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-APRIL NEWS LETTER


Isotron 20/15/10
 
HOW HIGH SHOULD AN ANTENNA BE.2
 
Last month mentioned HF reflection, ground absorption and a possible way of determining absorption.
 
The ground and height are not the only factors that affect HF radiation. Also the style of antenna.
 
A dipole design is known to have a gain of radiation broadside to the antenna and a loss toward the ends compared to the broadside. The predicted values may turn out to be quite different. If the dipole does not have sufficient height, then the predicted values can change. The antenna may become more omni-directional. In other words the expected pattern will radiate more uniformly as you check pattern around the antenna. This is noticeable with a yagi beam. It is built on a dipole design, however if not given sufficient height, will loose some of its gain and directivity.
 
The inverted V tends to be prone towards more of an omni-directional pattern. If set up properly, it will work well and evenly in all directions.
 
For both these antennas, the higher the better. This style is quite forgiving. At heights of 60 feet plus, it can be used for very short skip and moderately long skip, depending on time of day and season.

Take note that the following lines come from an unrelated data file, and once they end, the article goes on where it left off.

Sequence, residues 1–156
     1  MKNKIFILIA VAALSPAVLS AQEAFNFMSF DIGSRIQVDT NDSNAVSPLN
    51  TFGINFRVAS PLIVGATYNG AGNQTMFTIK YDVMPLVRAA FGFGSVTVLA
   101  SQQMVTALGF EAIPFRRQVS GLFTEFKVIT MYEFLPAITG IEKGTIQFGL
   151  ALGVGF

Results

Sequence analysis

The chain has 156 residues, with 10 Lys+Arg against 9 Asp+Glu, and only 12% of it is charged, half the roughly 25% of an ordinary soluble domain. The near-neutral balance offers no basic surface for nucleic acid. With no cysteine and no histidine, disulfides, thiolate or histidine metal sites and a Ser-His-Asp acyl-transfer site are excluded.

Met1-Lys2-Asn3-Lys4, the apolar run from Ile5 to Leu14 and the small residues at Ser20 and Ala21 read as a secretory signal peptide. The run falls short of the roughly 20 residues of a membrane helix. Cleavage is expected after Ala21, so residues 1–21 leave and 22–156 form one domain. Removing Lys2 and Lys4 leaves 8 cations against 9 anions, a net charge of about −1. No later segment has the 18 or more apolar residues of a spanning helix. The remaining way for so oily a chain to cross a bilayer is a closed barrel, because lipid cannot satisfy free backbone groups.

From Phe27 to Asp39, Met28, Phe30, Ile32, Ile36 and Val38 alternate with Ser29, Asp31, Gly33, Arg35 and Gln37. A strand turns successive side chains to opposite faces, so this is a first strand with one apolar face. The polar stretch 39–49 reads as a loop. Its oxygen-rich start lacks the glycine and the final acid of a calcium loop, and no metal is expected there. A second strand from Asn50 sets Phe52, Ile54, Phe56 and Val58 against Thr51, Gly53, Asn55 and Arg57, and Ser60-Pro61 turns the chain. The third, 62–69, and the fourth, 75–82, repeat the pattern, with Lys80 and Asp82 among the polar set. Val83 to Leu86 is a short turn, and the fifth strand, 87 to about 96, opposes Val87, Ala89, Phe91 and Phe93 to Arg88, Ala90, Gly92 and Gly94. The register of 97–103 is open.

On reception, noise factors may reduce with more height above ground.
 
None of this is an exact science. HF radiation is a very sloppy radiation. It tends to do what it wants to do. It will go through objects that you think it would not. Like metal, concrete, wire mesh and so on.
 
At other times plywood will absorb the radiation. The above mentioned objects can do the same. You do not really know until the antenna is setup and tried.
 
One thing you can count on, HF rarely reflects. It will bend and it can induce in various objects. When it skips in the upper atmosphere, it is a refraction or a bending of a normally straight wave pattern. Reaching the ground it can skip again, but again, it is a refraction or bending of the wave.
 
Getting a good take off angle and efficient antenna system can be a challenge if you are cramping the antenna.
 
This is one advantage to the Isotron. I have to get a sales pitch in somewhere. It will allow you to have an efficient radiator, but giving you more distance from absorbing objects. It is easier to give it height when lateral space is limited.
 
Hopefully this information will give you an idea of why your station is working the way it is. Whether it is working great or not so good, hopefully it will help you to make changes that will enhance your performance.
 
73,
Ralph WD0EJA
 
04-15
 
Bilal Company
137 Manchester Dr.
Florissant, Co. 80816
PH: 719/687-0650
www.isotronantennas.com
 
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